... for example, saying signature is valid isn't enough if you are not sure what has been signed, hooks may be needed for this

<esimon2> Ed: I am OK with just listening in and typing comments on IRC. No need to complicate things for others on my account.

Symon: policy can be used to limit what is done with xml security, anohter approach to avoid problems

<FrederickHirsch> discussion as to whether xmlsig spec is broken

<esimon2> The XSLT 2.0 specification mentions a number of security considerations dealing with issues raised earlier.

<esimon2> Agree with Konrad.

Hal Lockhart, XML Security - Issues and Requirements


hal: notes various issues have been document in ws-security, ws-i basic security profile and other places

frederick: also liberty alliance work

klanz2: false negatives will be perceived very badly
... need to focus on what you see is what you sign, then false negatives main issue

hal: agrees

hal: challenge is interface between applicatoin and security processing to get proper security for applciation

henry thompson: liaison issues - schema, processing model wg,
... say to validate you must decrypt, perhaps ...

<esimon2> I agree, I think, with Henry re his comments about XPointer to help resolve the ID issue.

... re id issue , maybe new xpointer scheme?

scott: +1 to klanz, concern about false positivies, issues for adoption

scott: most xml processing is not schema aware, xsi:type is not visible to processing

ht: would issue be solved if sig re-worked to be signing of Infosets

klanz: tradeoff performance & infoset signing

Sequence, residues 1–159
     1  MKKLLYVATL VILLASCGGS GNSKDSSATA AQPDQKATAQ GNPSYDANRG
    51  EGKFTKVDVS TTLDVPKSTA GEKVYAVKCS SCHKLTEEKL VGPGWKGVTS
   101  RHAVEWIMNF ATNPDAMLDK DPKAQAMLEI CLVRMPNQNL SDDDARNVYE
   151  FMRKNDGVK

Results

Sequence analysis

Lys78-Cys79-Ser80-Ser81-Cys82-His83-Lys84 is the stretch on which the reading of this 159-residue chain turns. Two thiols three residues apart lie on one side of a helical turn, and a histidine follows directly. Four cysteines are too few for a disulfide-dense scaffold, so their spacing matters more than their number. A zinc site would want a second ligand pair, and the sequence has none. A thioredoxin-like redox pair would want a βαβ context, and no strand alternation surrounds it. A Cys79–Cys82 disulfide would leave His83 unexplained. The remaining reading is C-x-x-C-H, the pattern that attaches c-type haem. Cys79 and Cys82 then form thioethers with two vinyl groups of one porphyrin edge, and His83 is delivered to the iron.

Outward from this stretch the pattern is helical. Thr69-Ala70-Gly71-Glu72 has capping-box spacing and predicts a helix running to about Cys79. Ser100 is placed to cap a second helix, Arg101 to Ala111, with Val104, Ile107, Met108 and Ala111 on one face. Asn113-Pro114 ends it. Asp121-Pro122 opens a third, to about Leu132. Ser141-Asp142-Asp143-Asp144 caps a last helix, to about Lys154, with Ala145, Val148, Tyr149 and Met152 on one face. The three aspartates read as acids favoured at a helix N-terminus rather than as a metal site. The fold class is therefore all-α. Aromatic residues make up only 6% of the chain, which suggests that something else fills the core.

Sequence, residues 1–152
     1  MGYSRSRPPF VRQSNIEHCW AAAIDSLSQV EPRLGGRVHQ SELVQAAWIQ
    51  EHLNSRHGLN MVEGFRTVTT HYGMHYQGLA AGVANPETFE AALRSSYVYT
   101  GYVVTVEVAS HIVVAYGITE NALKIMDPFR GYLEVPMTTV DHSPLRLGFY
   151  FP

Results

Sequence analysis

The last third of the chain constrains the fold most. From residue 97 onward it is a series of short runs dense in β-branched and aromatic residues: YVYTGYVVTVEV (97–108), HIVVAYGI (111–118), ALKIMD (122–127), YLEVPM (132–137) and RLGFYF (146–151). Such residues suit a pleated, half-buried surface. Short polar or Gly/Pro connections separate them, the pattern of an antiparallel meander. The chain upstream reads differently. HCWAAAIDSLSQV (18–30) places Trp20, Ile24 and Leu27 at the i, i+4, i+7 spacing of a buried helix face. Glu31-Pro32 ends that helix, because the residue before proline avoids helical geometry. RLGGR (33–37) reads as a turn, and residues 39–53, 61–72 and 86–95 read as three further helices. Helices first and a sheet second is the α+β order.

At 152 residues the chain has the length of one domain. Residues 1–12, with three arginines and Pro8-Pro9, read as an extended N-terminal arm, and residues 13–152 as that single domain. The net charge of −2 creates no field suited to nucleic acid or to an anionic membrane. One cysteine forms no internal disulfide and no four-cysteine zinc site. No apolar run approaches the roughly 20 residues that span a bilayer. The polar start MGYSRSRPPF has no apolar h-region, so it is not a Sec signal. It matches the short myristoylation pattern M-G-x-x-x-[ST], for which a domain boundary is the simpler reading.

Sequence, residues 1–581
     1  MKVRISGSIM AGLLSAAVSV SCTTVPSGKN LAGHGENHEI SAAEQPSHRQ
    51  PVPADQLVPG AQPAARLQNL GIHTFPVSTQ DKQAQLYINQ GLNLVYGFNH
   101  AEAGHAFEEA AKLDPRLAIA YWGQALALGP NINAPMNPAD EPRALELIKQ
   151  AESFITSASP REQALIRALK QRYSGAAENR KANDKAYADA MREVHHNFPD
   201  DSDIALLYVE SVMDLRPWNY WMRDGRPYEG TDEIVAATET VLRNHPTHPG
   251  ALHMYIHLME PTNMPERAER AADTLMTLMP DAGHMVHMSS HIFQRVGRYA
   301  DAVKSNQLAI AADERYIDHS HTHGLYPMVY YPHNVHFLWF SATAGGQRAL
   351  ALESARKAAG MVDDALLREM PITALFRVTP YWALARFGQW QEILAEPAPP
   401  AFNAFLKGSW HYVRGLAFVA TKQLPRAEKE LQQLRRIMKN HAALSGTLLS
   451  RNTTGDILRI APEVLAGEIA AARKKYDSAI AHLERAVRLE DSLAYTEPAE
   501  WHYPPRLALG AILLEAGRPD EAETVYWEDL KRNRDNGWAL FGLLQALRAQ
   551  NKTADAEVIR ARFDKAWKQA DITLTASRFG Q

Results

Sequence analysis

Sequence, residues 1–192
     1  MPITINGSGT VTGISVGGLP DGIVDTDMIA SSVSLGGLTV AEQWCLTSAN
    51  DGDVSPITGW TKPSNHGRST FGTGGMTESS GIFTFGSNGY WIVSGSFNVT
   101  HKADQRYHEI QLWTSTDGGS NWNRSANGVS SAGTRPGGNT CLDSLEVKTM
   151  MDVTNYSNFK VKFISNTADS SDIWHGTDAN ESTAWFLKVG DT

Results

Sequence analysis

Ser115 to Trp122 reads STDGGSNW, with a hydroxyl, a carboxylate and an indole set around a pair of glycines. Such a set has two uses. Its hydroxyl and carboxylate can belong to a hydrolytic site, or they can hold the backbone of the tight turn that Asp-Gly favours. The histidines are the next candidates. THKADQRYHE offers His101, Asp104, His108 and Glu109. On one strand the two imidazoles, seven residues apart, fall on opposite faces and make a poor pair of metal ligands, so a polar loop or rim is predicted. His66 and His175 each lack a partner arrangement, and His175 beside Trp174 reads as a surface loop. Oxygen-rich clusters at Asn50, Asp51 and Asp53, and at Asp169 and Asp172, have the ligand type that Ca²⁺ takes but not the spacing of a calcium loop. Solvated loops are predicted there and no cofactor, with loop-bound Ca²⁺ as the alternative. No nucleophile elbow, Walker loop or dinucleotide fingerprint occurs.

PHB: could use some examples of difference between infoset and current signing approach. What is really different.

Shai Halevi, Hugo Krawczyk, Michael McIntosh, XML Signature Enhancements to Support Randomized Hashing


Hugo Krawczyk presenting

<MikeMc> the slides for this session are at http://www.ee.technion.ac.il/~hugo/rhash/

hugo: post-wang trauma, how do we deal with it...

<MikeMc> actually - the papers are there - not the slides - sorry

hal: any attacks for which we need to check whether random strings are diferent?

hugo: critical for the signer to check that these strings are different

hal: if random value same for every signature, then can do offline attacks

mike: every time you create new signature, you create new value

hal: how important is it to the verifier that this is the case?
... suppose there's no real signer, just a blackhat sending messages ...
... do you have to keep track of fact that he sends same random number? ...

hugo: if you don't find 2nd preimage on one-way function, then attacker can't

hal: thinking about guessing attack or so
... there are attacks against CBC if IV isn't always different ...

hugo: uniqueness of randomness per signature is not requirement
... requirement is that the attacker must not know randomness that legitimate signer is going to use ...
... question is a valid concern, though ...
... in this case, there's no more to it ..

phb: fuzzy about what security advantage is ...
... we're nervous about hash functions for which malicious signer can create signature collisions ...
... that's attack we're concerned with ...
... randomness proposal makes this the same difficulty as the legitimate signer signing document, and attacker tries to do duplicate ...
... how does this make anything more secure against malicious signers? ...

hugo: technique does not prevent legitimate signer from finding two messages that have same hash value ...
... legitimate (not honest) signer could in principle find two messages that map to same hash value ...
... can't be case if hash function is collision resistant ..
... if it isn't, problem could in principle occur ...
... if you receive message with signature, then signer is committed to that signature ...
... (example) ...
... point is: every message that has legitimate signature commits signer ...
... note that hash function might be collision-resistant, but signature algo might not be ...

hal: attack is to get somebody to sign a document, and have that signature make something else

phb: ok, now i get it
... more relevant to XML than certificate world ...